Russian Planes and Pilots

Alexandr Pokryshkin, top Russian P-39 ace

Soviet P-39 Aces

Russian Pilots who flew the Bell Airacobra

By , Nov. 2002. Updated January 26, 2012.

Russian pilots flew the P-39 Airacobra as "air superiority fighters," and at the low to medium altitudes of air combat on the Eastern Front, they did so with considerable success, against German Fw 190s and Bf 109s. The 216th Fighter Division (later 9th Guards Fighter Division) flew Airacobras from August, 1942 to the end of the war in May, 1945 and counted 28 aces with at least 15 victories.

Flying the Lend-Lease equipment, for which every bullet was imported from the United States. the Aircobras followed one of two long paths from upstate New York to the 9th GFD in southern Russia. One, through Canada, along the Alcan Highway and then across Siberia. Or two, by ship to Iran, and over the Caucasus. Flying American equipment was a mixed blessing. The airplanes were as good (or better) as any Russian-made, but in the Stalinist era, carried a certain stigma. The leading Airacobra ace, Alexandr Pokryshkin, who finished the war with 59 aerial victories, was once denied a third award of the Hero of the Soviet Union, because that would have glorified foreign manufacturing.

In reading Attack of the Airacobras, one is struck by several aspects. First, a "can do" spirit that rivaled anything the Seabees did in the South Pacific, as Russian mechanics did their best to keep the American-made machines flying, thousands of miles from a supply of spare parts. Second, a somewhat stilted, Stalinist vocabulary and outlook, as when the author, Dmitriy Loza, described the "pilots' fervent desire to defeat the hated Fascists in the same way that the brave Soviet soldiers had at Stalingrad." Third, the pivotal role of Alexandr Pokryshkin himself, not just a high-scoring ace, but a division leader, aerial tactician, fighter pilot advocate in the dangerous councils of the wartime Soviet military.

Another unique practice of the Soviet Air Forces (VVS - Voyenno Vozdushnye Sily) was the renumbering and renaming of units with honorific titles. Thus the 216th Fighter Division (216 IAD) was renamed the 9th Guards Fighter Division in 1943, to honor their military successes. to this were later added the titles "Mariupol" and "Berlin." The three Fighter Regiments (IAP - Istrebitelnyj Avia Polk) of the 9th GFD included:

Leading Soviet Airacobra Aces
Pilot Victories P-39 Victories Regiment
Aleksandr I. Pokryshkin 59 48 9 GFD
Nikolay Gulaev 57 41 129 GFR
Grigori A. Rechkalov 56 50 16 GFR
Dimitriy B. Glinka 50 41 100 GFR
Vladimir I. Bobrov 43 * 104 GFR
Aleksey Smirnov 34 30 153 FR
Ivan I. Babak 33 32 16 GFR
Mikhail S. Komelkov 32 32 104 GFR
A. Klubov 31 27 16 GFR
Boris B. Glinka 31 31 16 GFR
A. Fedorov 24 * 16 GFR
V. Semenishin 23 * 104 GFR
K. Sukhov 22 * 16 GFR
P. Eremin 22 * 16 GFR
P. Kryukov 22 * 16 GFR
N. Chistov 19 * 16 GFR
* - not identified, but likely most of their totals were scored in Airacobras

The book traces the combat history of the 216th GFD, from the air battles over the Kuban in late 1942 - early 1943, operations around the Sea of Azov and the Crimea in late 1943, and the drive into Germany in 1944 and 1945.

Tank-Busting Myth

Numerous sources in aviation history describe the Soviet use of the P-39 as a tank-buster. Since this did not happen (except perhaps on occasion, as when one of the Tuskegee Airmen shot up a destroyer with his P-47), how did the myth get started? Certainly that big cannon firing through the propeller suggested the possibility of such use, although typical anti-tank guns were of much larger caliber. In the prologue, James Gebhardt persuasively suggests that poor translations may have contributed to the confusion. A common Russian air operation of the war was "prikrytiye sukhoputnykh voysk," literally translated "coverage of ground forces." To Western readers, such words implied close air support, i.e. trooop-strafing, tank-busting, and other direct support of the infantry. But on reading the extensive, and readily available, Russian sources, it is clear that "prikrytiye sukhoputnykh voysk" meant establishing air superiority in an area, protecting the ground pounders from bombing and strafing by German airplanes.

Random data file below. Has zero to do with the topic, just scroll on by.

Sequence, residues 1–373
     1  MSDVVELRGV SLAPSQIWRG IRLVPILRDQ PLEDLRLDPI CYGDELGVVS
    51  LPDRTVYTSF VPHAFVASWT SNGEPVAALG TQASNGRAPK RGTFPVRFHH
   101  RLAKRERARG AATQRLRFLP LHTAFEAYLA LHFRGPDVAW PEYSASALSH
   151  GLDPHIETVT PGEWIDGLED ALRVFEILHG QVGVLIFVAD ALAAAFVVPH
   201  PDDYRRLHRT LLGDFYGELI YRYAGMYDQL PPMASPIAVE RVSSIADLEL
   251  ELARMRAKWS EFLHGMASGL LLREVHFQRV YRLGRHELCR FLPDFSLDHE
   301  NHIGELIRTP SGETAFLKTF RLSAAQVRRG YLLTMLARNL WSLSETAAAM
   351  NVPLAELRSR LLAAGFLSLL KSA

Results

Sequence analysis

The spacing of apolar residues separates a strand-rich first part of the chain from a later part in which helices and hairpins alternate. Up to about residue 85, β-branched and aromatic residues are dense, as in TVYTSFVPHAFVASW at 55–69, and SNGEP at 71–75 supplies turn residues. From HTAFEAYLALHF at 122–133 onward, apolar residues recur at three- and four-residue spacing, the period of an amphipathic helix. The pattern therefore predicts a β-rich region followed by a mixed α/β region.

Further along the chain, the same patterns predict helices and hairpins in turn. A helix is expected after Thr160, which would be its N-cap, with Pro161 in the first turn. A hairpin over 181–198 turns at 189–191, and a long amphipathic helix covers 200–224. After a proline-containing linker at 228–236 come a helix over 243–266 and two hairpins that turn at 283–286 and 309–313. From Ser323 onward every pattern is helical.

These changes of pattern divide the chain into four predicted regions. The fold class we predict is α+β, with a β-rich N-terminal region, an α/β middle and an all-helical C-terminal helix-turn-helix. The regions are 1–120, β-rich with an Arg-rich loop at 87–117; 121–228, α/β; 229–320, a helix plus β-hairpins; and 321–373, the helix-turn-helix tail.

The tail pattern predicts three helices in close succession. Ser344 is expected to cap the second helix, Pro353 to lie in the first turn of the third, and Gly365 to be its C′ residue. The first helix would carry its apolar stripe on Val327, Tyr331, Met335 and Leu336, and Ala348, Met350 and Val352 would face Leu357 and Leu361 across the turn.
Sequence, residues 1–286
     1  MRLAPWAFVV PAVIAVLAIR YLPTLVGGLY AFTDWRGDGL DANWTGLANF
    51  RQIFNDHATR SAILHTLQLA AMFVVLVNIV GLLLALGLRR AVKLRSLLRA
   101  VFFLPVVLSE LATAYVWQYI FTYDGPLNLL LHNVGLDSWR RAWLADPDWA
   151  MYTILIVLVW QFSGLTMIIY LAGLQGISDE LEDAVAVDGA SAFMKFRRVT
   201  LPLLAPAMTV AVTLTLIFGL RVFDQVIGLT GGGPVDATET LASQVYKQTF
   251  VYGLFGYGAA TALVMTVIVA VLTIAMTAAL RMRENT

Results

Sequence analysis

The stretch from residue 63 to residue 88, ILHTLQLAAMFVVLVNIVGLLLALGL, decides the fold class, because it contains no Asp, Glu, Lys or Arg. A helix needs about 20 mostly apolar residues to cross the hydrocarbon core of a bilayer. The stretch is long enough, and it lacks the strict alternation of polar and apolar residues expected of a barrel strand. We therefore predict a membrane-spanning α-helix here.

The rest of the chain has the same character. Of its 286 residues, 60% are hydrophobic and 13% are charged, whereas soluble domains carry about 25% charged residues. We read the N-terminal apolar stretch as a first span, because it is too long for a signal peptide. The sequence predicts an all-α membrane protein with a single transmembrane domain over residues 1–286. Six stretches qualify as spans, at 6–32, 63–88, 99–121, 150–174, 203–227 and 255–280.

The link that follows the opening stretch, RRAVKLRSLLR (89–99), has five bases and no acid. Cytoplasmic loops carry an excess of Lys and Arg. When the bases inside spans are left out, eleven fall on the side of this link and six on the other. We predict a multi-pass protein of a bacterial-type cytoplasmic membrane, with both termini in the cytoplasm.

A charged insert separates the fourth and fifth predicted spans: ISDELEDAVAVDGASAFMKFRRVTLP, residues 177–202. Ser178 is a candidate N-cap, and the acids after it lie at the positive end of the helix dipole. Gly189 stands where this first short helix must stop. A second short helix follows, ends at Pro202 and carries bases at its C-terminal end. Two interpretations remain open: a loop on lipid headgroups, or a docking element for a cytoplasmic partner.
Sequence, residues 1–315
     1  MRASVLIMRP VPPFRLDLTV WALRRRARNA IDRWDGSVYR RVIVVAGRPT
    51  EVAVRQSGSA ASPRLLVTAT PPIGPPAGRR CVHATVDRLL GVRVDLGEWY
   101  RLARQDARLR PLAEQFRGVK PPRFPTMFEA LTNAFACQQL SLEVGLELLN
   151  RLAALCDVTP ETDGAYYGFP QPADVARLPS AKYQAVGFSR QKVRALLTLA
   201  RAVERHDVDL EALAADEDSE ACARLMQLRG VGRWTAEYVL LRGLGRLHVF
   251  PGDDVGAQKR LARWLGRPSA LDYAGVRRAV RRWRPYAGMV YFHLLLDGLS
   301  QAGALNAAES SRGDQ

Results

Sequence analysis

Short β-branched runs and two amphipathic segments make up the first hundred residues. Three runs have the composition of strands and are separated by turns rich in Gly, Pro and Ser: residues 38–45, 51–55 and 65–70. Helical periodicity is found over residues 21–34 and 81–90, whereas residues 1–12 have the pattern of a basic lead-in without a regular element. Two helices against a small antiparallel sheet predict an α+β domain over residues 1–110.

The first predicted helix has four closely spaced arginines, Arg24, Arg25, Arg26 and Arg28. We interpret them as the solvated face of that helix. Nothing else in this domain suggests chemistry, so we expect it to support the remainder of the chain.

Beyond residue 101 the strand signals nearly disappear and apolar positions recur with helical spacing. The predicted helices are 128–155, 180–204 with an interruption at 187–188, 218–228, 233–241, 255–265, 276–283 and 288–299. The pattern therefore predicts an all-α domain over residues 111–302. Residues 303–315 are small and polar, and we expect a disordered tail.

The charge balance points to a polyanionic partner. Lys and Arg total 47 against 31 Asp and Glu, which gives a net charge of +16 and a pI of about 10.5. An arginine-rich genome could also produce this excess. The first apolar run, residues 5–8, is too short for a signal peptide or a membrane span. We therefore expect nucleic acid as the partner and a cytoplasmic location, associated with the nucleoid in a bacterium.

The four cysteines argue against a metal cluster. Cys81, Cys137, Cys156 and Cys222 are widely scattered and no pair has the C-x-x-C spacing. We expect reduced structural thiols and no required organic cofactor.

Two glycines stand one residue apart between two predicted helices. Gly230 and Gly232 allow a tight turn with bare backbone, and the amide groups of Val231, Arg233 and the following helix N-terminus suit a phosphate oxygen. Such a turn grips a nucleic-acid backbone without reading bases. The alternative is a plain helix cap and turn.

Aleksandr Pokryshkin

A leading Soviet ace and CO of the 9th GFD, Pokryshkin changed Soviet fighter tactics - quite an accomplishment in the rigidly-controlled Stalinist forces. The prevailing doctrine called for Soviet pilots to circle over their assigned area at low speed, which made them sitting ducks for German fighters. Pokryshkin recognized this problem and pushed for another approach, emphasizing "speed, altitude, maneuver, and fire." His more dynamic and less predictable methods led to greatly improved Soviet fighter performance.

Nikolay Gulaev

Among these top Soviet Airacobra aces, the most "efficient" has to be Nikolay Gulaev. He flew his first P-39 combat mission on 9 August 1943 and his last mission on 14 August 1944. In 12 months and five days he shot down 41 German aircraft while flying the P-39. No other Soviet pilot scored so effectively.

By the way, Gulaev was the number 3 Soviet ace with 57 individual and 3 shared kills by war's end. He went on to command high-level Soviet Air Force units, his last being the 10th Air Army headquartered in Archangelsk. He was relieved of this command in 1974 when his subordinates were observed to be shooting polar bears with their aircraft cannon. He died in 1985. The book's author, Dmitriy Loza, knew him personally, having lived several years in the same apartment building in Moscow. Loza indicated that Gulaev never recovered from the personal shame of having been relieved of command in this manner and died a broken-hearted man.